Aaron Rodgers Explains Why He’s a Great Cold Weather QB and How You Can Tell He’s Feeling the Chill: ‘You Know It’s on When That Thing is On’

The quarterback of the Green Bay Packers needs to be good in cold weather, and Aaron Rodgers certainly is. He recently discussed his success when the mercury drops with Pat McAfee and explained why he throws well in adverse conditions. He also explained to fans how you’ll know when it’s just normal cold at game-time versus when it’s “that cold.”

Aaron Rodgers is good in the cold

Some NFL quarterbacks are cold weather QBs, and others are not. As Tom Brady recently explained, it is even possible to no longer be a cold-weather QB after moving from Massachusetts to Florida.

Aaron Rodgers is a cold-weather QB.

During the football season in Green Bay, Wisconsin, the average temperature is a just above freezing 33.3 degrees. In January, during the NFL playoffs, the average temp drops to 11.5 degrees, according to Climate-Data.org.

They don’t call Lambeau Field the “Frozen Tundra” for nothin’.

Luckily for Packers fans, Rodgers has more success than most signal-callers when the weather outside gets frightful.

When temperatures drop below freezing, Rodgers turns it on. Heading into last year’s playoffs, his record in these conditions was an impressive 28-6, per Spectrum 1 News. He’s thrown 76 touchdowns in these games with just 13 interceptions and has an average passer rating of 108.3. The Pack win these games by an average margin of victory of 15.5 points.

In the 2020 NFC Championship Game, Rodgers lost a 28-degree shootout to Brady and the Bucs but still had a good game. He was 33-of-48 for 346 yards with three TDs and an INT in the 31-26 loss.

Rodgers explained his success in the cold and how you know when he’s truly feeling it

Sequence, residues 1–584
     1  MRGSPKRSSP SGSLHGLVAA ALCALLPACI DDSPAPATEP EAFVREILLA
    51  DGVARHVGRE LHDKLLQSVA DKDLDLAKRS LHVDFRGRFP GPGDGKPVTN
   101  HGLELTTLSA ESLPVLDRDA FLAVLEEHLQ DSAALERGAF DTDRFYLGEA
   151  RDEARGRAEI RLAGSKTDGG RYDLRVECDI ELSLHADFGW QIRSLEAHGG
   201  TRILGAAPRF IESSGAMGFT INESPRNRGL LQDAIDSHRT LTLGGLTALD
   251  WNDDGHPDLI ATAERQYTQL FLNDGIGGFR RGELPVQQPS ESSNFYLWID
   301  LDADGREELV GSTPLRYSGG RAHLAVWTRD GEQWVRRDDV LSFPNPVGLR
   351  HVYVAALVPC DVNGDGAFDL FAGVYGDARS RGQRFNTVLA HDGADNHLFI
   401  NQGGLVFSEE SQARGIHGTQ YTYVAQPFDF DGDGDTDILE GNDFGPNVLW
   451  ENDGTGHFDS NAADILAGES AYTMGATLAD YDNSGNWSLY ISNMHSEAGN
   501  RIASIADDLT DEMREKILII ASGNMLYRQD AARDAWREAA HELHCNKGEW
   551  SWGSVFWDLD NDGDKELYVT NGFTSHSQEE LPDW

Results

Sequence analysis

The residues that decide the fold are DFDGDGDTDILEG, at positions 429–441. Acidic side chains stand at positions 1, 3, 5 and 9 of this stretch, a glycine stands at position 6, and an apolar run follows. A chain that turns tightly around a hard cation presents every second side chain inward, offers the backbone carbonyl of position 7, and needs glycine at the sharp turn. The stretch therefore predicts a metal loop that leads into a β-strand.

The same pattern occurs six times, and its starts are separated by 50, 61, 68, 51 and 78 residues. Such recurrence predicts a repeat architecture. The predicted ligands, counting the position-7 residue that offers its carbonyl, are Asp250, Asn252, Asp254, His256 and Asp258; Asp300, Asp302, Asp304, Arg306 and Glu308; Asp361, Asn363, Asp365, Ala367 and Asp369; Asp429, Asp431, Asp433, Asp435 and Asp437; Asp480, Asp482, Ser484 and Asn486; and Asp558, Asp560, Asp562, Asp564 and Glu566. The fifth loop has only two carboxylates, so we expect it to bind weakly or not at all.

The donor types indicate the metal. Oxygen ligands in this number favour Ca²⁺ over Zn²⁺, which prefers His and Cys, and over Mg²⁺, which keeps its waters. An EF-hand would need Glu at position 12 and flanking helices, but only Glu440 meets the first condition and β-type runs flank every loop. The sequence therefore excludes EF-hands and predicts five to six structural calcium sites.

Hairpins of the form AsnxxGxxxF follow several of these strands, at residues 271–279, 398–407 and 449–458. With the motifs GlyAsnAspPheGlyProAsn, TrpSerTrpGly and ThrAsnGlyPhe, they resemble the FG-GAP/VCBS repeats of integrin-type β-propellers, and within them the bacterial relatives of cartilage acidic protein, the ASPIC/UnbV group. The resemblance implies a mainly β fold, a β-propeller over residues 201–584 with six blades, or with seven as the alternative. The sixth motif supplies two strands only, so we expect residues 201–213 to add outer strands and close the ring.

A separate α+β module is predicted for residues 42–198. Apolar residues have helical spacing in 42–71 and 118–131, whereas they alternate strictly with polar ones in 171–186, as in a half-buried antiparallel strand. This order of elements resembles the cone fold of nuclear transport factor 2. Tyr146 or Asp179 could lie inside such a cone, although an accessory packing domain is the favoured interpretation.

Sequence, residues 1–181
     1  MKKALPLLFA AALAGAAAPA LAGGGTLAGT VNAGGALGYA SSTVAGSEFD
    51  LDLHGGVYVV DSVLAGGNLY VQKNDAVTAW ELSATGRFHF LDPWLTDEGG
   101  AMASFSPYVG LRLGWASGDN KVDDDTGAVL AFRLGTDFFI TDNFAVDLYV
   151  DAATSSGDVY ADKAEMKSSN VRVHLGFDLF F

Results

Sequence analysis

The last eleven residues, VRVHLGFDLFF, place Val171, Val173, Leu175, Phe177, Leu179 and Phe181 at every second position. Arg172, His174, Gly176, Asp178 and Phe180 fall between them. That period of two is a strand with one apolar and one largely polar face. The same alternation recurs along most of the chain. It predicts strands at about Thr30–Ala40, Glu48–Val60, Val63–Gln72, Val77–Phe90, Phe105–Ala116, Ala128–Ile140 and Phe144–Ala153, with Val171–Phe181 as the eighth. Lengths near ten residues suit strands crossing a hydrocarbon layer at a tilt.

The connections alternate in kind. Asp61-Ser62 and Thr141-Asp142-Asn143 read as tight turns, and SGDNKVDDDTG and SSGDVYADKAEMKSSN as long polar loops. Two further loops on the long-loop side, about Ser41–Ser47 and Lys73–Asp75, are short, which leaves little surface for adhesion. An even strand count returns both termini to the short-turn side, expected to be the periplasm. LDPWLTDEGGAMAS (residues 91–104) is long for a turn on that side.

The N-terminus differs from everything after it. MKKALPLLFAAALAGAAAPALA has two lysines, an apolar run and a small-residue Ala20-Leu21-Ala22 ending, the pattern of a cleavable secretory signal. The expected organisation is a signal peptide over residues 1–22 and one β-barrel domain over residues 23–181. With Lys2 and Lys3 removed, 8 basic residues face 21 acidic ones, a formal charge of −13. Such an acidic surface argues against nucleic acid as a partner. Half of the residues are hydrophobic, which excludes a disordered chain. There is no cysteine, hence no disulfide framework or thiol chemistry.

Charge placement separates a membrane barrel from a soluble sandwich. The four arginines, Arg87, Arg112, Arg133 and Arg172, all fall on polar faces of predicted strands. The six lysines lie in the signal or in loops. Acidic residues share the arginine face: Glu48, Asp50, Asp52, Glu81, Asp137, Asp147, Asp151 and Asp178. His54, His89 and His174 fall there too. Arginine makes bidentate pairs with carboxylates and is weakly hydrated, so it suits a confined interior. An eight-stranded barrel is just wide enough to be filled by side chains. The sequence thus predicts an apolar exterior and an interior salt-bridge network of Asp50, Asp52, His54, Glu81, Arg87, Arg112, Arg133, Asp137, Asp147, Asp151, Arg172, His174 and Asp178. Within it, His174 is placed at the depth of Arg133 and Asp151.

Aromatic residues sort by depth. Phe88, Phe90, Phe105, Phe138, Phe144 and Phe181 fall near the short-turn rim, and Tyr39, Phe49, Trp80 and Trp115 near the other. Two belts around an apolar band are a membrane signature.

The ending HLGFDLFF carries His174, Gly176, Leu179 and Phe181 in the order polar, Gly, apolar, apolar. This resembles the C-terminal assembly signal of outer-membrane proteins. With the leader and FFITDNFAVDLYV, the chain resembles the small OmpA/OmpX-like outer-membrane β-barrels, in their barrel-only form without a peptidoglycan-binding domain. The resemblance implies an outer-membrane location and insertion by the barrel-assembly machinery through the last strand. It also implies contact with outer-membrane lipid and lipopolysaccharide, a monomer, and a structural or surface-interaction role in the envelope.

Aaron Rodgers joined former NFL punter Pat McAfee on the Pat McAfee Show on Tuesday as he does every week and discussed being a cold-weather quarterback. Rodgers first explained why he wore long sleeves during last week’s game against the Seattle Seahawks.

The California native said he has “some strict policies” about wearing long sleeves when the game-time temperature is under 50 degrees. He said the thermometer at game-time read 36 degrees on Sunday, so long sleeves it was.

He also said that he believes one of the keys to his success in cold weather is his big hands, or “massive ham hocks,” as McAfee called them. Rodgers explained that “you gotta have big hands to throw in the cold” and that it’s often the rain and the wind — not necessarily the temperature or the snow — that make cold-weather games tough to navigate.

Rodgers also told McAfee that the temperature for the Seahawks game “wasn’t that cold.” He explained how fans will know when he feels it’s that cold:

When it gets below 20, that’s real cold. And you’ll know if it feels cold to me if I’m wearing my turtleneck. I wasn’t wearing that, and you know it’s on when that thing is on.

Aaron Rodgers on playing in the cold

The next chance for Rodgers to wear his turtleneck and dominate the competition with his big hands won’t come for a few weeks.

Will it be cold on Sunday when the Green Bay Packers take on the Minnesota Vikings? 

Aaron Rodgers of the Green Bay Packers looks to pass during a game against the Houston Texans at Lambeau Field on December 4, 2016 in Green Bay, Wisconsin. Green Bay defeated Houston 21-13.
Aaron Rodgers | Photo by Stacy Revere/Getty Images.

This Sunday, the Green Bay Packers travel to Minnesota to take on the Vikings. The weather will be a cold, but not frigid 36-degrees and rainy. The weather won’t have any impact on the game, however, as the Vikings’ U.S. Bank Stadium is an enclosed venue.

The game does present challenges for Rodgers and the Packers, however.

The Vikings are coming off a big win against the Los Angeles Chargers that got their record to 4-5 and put them squarely in contention for the NFL playoffs, just a half-game behind the team currently in the No. 7 spot, the 5-5 Carolina Panthers.

Dangerous Vikings wideout Justin Jefferson — who recently made history by reaching 2,000 yards in just 24 career games — had a breakout performance against the Chargers. He recorded a season-high-tying nine catches for a season-high 145 yards.

The Packers D has given up the fifth-least passing yards this season (2,027), but a hot Jefferson could challenge that supremacy. At the very least, it may force Rodgers to step up even more after his rusty-yet-effective 292 yards, zero touchdowns, one interception performance against the Seattle Seahawks last week.

Rodgers’ next opportunity to improve his cold-weather record could come in Week 12, though, as Green Bay welcomes the warm-weather Los Angeles Rams to Wisconsin. The long-range forecast currently has that weekend in the low-to-mid 30’s.

All stats courtesy of Pro Football Reference

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